Over the course of the last two years, the 2013 general elections that saw Nawaz Sharif get elected as the country’s prime minister have slowly and steadily become the most controversial in the nation’s short democratic history. Cries of a rigged election were heard just as soon as the results started reeling in. What people thought was merely a rhetoric, a feeble exercise that losing politicians often fumble through, turned into a dramatic revolution (of sorts). Turns out, the reality was far more explosive than anyone had dreamed.
The dead revolution
Pakistan Tehreek-e-Insaf (PTI) and Pakistan Awami Tehreek (PAT) took to the streets for roughly four months in protest of what they considered a flawed system stemming from mass rigging in the 2013 elections. Throughout the entirety of the sit-in protest (dubbed the Azadi March), the news media fixated itself on the dramatic accusations that the PTI chief Imran Khan would occasionally hurl at the sitting government. Khan accused the Sharif government of being a product of a rigged election and therefore void of any legitimacy.
Khan often climbed atop a make-shift stage housed near the parliament to address large throngs of people. He talked of the many forms of electoral fraud that he’d been told of by the people around him and masked the retelling of these thrilling tales in a manner that made it appetising for the local media to gobble up on. Such was the tale of “Pentees Puncture” (35 punctures) which put the former Punjab caretaker chief minister, Najam Sethi, in deep waters with the press.
It was with these outlandish claims that Khan’s aim gradually veered away from a desire to probe actual documentary evidence and facts, and landed on compiling baseless allegations against his political competitors to drum up controversy and conspiracy. Khan’s advisers thought it would be beneficial to target political heavy-weights in the sitting government if the parties in power refused to listen to Khan’s demands – chiefly amongst which was the demand to see Sharif resign as the prime minister. And so it passed that the PML-N kept refusing Khan’s demands and, as adamant as ever, Khan pronounced and leveled his blames at Sharif and his party.
All that hullabaloo
But where did it get Khan? Sure, it did grant him the audience of a judicial commission that he had asked for – a supreme body of judiciary that was asked to probe various evidence against the legitimacy of the election. But since Khan’s audacious tales of electoral fraud were the zenith of the media in the days the commission was formed, the judicial board started therein. One after the other, Khan’s loud claims got refuted and thrown out of the courts.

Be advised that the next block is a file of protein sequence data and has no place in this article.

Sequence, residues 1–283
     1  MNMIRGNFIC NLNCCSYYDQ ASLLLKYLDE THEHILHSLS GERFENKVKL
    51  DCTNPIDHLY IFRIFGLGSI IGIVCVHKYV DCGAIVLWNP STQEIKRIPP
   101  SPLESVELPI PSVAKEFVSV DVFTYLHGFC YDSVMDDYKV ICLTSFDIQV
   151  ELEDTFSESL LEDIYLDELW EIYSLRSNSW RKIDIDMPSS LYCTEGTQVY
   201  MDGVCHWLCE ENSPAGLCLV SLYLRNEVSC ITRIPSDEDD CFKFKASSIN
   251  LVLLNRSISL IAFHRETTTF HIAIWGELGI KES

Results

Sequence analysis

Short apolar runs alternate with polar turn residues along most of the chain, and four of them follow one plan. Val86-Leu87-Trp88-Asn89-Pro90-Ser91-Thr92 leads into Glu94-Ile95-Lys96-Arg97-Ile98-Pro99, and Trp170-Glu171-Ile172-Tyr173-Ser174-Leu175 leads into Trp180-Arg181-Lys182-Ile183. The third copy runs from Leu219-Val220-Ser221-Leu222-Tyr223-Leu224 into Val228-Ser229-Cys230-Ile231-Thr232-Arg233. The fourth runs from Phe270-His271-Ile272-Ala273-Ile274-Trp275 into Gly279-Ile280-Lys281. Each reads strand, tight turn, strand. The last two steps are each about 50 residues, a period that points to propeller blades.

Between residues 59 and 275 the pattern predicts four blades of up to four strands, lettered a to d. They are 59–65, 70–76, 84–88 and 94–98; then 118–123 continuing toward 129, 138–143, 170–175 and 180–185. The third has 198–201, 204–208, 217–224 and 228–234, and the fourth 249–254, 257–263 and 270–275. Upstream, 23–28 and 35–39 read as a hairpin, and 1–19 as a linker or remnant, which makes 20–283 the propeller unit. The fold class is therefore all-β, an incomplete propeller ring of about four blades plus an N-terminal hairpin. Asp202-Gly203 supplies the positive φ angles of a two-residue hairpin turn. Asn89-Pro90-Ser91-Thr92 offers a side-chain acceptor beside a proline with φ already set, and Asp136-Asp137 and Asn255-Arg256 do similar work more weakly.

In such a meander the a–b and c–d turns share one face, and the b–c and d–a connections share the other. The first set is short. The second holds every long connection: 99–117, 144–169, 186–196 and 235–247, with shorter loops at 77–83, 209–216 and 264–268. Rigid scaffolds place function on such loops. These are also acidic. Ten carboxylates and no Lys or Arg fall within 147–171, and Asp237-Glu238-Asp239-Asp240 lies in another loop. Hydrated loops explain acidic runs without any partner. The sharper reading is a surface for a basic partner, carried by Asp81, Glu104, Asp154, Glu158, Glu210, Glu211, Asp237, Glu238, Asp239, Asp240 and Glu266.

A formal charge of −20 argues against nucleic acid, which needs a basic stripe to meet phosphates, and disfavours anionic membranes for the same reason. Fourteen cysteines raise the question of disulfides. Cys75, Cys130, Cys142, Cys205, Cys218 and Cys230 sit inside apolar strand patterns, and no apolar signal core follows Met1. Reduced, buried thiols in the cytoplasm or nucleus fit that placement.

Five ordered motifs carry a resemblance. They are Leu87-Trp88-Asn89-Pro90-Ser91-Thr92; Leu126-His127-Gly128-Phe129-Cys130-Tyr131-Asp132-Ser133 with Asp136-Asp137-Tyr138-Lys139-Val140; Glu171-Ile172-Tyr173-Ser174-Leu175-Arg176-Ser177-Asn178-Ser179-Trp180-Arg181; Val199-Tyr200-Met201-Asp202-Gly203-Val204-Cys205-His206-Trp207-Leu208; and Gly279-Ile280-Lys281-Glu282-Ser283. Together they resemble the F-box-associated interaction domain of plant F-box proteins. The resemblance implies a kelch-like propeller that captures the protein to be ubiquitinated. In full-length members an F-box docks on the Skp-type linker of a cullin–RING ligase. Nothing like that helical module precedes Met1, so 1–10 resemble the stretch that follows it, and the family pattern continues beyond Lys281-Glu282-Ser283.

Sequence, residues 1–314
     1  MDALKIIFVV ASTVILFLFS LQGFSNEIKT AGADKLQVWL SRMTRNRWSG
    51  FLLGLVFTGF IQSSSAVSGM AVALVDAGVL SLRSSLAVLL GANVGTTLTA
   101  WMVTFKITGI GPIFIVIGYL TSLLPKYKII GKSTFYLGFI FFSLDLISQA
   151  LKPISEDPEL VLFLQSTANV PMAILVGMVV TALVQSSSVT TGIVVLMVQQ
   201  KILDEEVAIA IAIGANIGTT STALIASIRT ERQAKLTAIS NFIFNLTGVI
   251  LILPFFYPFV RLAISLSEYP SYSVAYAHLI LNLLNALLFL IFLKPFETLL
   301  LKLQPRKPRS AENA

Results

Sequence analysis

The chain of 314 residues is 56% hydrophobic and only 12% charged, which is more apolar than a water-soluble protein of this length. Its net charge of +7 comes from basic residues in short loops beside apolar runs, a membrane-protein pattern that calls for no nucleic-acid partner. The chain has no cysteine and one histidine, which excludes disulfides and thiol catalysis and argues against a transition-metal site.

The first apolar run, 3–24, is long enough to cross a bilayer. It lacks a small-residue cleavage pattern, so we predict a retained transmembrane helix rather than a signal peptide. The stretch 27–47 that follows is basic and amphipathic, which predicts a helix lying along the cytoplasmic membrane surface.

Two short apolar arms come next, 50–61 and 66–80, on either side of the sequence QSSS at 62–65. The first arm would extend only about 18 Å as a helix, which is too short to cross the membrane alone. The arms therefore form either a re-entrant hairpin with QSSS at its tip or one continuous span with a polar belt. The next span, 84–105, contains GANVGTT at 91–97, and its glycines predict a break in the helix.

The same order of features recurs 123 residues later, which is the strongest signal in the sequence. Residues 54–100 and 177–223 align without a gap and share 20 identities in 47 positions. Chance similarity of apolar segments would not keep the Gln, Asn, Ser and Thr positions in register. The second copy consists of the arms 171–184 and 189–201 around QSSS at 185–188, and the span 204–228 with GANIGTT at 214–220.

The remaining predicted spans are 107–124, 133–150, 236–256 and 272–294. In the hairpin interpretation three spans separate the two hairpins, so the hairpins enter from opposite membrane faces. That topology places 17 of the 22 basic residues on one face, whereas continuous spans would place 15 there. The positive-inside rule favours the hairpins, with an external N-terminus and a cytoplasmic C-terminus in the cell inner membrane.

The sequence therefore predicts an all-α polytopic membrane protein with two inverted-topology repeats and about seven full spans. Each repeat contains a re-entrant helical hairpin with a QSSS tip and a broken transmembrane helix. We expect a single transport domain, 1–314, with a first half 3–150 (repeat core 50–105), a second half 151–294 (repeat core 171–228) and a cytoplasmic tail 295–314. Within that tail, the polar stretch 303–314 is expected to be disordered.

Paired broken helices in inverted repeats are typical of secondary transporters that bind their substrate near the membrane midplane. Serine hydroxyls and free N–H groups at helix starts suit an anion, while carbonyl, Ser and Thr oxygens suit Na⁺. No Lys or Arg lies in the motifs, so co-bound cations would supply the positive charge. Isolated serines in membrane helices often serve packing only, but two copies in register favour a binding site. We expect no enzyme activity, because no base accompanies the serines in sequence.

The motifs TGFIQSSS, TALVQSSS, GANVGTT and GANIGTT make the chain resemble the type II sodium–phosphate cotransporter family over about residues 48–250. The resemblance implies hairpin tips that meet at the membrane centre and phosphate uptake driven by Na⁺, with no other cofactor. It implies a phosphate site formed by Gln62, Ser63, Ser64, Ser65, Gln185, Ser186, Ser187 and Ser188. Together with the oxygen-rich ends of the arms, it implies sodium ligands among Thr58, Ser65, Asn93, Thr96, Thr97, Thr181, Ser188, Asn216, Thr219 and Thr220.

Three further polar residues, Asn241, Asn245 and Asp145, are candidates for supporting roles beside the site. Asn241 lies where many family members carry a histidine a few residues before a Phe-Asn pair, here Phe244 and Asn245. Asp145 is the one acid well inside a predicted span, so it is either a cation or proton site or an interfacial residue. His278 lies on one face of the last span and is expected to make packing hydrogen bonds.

For a moment, even Najam Sethi got the satisfaction of writing in his paper, The Friday Times, that Khan had merely conjured up the whole “Pentees Puncture” episode. Sethi named Ejaz Hussain, former adviser to Chaudhary Pervaiz Elahi, as the ‘maverick’ who ‘cunningly fabricated’ the whole fiasco.
With the recent political upset in the Khyber Pakthunkhwa local body elections, Khan badly needed a saving grace for himself and his followers – and he recently had one. On May 27, the judicial commission, headed by chief justice Nasirul Mulk, ordered for the sealed vote bags to be opened in order to obtain the records of how the ballot papers had been used. What came out of the bags was most astonishing.
After scrutinising about 44,339 polling stations for 169 National Assembly (NA) seats, vote bags for around 14,641 constituencies were found to be without Form 15. This, by far, is the best evidence of massive irregularities in the past election. Media pundits have voiced concern that should Khan have focused on the issues of missing forms 14 and 15, he’d have a stronger hold on success coming out of his Azadi campaign. Nevertheless, this issue has already started stirring the debate back into PTI’s forte.
At least, it is starting to become apparent how a whole general election was systematically stolen. And, for now, Khan can heave a sigh of relief.